DEFINITION of ‘IRS Innocent Spouse Relief Rule’
A measure of relief built into the tax code that allows a person, if eligible, to avoid paying his or her spouse’s tax if it was reported incorrectly. The IRS innocent spouse relief applies to a spouse that can prove that he or she did not incur the tax bill and did not somehow benefit from the failure to pay.
Ultimately, this rule is designed to protect people from liability for taxes incurred as a result of evasive or dishonest financial behavior by their spouses, or from divorces where one person fails to pay tax on the income he or she earned and intends to leave the other spouse with the bill.
BREAKING DOWN ‘Innocent-Spouse Rule’
Several conditions must be met in order for the innocent-spouse rule to apply. The innocent spouse must prove (with appropriate documentation) that the error or fraud was committed by the other spouse. The innocent spouse must also be able to establish that he or she didn’t know about the income or fraudulent activity. Finally, the application for relief must be made within two years of when the IRS begins its collection process.
Do I Qualify as an Innocent Spouse?
You may qualify as an Innocent Spouse if all of the following are true:
* You filed a joint tax return.
* Your spouse or former spouse improperly reported income on the joint return.
* When you signed the joint return, you did not know (and had no reason to know) that the return was incorrect.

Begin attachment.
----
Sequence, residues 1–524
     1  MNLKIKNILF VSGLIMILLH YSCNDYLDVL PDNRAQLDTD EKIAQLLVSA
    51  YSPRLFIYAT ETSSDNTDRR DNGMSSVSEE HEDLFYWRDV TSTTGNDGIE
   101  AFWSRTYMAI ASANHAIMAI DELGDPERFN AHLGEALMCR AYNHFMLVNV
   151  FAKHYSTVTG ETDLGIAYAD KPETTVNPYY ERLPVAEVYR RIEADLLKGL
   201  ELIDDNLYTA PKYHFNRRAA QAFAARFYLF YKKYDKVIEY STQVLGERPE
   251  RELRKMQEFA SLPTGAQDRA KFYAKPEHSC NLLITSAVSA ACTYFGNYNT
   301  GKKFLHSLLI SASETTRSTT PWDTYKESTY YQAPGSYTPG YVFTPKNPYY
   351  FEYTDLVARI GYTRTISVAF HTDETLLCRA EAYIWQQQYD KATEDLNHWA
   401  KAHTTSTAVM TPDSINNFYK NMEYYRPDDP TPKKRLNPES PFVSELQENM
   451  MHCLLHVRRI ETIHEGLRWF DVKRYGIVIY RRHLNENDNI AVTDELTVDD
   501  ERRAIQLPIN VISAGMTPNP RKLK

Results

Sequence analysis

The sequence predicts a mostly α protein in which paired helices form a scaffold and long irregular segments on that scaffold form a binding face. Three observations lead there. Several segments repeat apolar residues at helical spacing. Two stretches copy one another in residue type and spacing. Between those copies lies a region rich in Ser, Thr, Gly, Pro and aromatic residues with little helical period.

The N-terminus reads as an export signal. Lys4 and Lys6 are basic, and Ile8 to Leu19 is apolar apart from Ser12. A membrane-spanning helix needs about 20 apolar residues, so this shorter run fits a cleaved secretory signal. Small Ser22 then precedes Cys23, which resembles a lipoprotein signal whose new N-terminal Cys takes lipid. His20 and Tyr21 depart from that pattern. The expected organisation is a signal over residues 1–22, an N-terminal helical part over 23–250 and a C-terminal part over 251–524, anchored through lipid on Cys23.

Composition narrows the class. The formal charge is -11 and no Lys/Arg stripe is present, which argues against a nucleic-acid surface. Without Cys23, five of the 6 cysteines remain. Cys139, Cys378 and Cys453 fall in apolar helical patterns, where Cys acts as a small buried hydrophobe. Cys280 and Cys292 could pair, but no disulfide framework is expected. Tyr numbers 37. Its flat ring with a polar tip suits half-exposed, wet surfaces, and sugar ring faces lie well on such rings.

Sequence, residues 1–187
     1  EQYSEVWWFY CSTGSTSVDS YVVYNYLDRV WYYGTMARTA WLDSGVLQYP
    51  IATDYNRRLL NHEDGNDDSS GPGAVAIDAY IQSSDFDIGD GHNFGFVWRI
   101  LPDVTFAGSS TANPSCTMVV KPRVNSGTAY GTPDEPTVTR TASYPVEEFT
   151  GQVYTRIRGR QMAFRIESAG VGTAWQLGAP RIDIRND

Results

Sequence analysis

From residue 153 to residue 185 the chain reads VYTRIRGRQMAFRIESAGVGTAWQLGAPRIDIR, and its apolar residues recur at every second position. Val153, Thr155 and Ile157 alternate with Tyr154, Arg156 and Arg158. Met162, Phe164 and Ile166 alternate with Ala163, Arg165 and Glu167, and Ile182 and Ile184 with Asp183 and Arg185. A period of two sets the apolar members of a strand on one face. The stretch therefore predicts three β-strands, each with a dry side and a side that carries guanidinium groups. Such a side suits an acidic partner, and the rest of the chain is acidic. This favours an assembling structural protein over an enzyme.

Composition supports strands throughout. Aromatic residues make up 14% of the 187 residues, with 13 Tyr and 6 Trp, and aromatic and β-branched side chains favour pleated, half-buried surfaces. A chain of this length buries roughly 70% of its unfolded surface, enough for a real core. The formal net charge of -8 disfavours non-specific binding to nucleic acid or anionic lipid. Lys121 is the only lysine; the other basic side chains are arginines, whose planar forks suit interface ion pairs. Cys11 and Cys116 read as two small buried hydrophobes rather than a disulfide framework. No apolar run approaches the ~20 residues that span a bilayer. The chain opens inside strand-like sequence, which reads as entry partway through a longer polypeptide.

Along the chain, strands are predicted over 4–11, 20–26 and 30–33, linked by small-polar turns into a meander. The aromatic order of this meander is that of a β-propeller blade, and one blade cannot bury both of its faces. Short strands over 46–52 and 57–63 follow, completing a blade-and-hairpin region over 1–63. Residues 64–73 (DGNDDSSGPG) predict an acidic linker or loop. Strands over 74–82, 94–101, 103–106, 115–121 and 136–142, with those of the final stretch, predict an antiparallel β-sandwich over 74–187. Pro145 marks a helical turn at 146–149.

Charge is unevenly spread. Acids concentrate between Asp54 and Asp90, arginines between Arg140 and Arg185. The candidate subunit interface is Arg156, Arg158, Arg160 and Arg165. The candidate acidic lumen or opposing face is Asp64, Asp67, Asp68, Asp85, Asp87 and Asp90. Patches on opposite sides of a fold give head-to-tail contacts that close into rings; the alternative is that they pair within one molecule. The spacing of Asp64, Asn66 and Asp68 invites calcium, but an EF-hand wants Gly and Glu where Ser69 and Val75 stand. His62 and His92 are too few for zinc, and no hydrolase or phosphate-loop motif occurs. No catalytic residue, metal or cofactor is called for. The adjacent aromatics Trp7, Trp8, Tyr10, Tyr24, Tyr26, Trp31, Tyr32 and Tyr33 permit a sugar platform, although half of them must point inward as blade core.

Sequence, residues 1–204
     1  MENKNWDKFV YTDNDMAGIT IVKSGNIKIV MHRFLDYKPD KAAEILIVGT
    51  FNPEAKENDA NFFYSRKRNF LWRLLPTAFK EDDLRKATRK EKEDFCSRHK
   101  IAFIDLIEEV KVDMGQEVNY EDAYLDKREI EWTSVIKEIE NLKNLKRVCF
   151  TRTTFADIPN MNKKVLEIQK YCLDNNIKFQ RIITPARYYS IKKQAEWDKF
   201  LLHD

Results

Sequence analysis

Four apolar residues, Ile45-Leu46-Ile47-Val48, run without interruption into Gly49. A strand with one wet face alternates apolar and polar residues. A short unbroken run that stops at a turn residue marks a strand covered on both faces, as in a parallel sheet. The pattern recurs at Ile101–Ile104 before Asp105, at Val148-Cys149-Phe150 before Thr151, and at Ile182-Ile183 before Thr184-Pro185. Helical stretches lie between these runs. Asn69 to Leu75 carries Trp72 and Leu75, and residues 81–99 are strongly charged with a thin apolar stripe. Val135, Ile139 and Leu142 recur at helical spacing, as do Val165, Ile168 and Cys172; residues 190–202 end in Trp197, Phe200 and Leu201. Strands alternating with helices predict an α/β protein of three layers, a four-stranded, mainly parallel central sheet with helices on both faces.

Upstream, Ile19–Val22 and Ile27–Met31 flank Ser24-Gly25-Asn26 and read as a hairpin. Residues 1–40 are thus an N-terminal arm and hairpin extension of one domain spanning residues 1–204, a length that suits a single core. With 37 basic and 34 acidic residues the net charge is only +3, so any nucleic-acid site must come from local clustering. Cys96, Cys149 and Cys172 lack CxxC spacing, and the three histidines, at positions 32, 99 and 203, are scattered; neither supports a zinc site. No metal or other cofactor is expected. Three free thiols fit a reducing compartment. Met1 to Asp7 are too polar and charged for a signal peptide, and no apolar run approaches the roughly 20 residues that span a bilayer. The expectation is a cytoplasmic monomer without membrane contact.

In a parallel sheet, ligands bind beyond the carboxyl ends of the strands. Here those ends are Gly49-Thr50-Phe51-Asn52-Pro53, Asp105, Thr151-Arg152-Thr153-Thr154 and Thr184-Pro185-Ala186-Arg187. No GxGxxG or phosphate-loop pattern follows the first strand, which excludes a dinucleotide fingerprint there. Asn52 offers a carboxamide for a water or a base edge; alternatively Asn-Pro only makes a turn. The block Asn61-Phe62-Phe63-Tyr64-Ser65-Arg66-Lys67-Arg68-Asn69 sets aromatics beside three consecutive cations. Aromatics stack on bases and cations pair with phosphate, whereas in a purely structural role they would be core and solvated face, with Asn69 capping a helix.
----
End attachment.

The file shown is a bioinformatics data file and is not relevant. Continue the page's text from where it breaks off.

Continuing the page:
* Due to the circumstances, it would be unfair to hold you liable for the unpaid taxes.
What Are Other Types of IRS Innocent Spouse Relief?
If you do not meet all of the requirements listed above for classic IRS Innocent Spouse Relief, you may still qualify for another type of tax relief for innocent spouses. When you prepare your tax return on GreenTree.Tax, we will determine which type of tax relief you qualify to claim on your tax return.
Read on to learn about the other types of Innocent Spouse Relief
Relief by Separation of Liability
You may qualify for Relief by Separation of Liability if you are divorced, separated, or widowed, and you did not live with your ex-spouse for at least 12 months before filing your request. In this case, the IRS will assign a certain amount of the tax liability to you, and a certain amount to your ex-spouse. You will only be responsible for your portion of the tax debt, along with a portion of the interest and penalties.
There are many circumstances which may disqualify you from classic Innocent Spouse Relief, but should not keep you from getting the tax relief you deserve. Examples include having had to file separately due to state community property laws, and having had knowledge of your spouse’s tax fraud–even if you were afraid to question your spouse about it due to fear of physical abuse. The IRS may grant you Equitable Relief in some of these situations.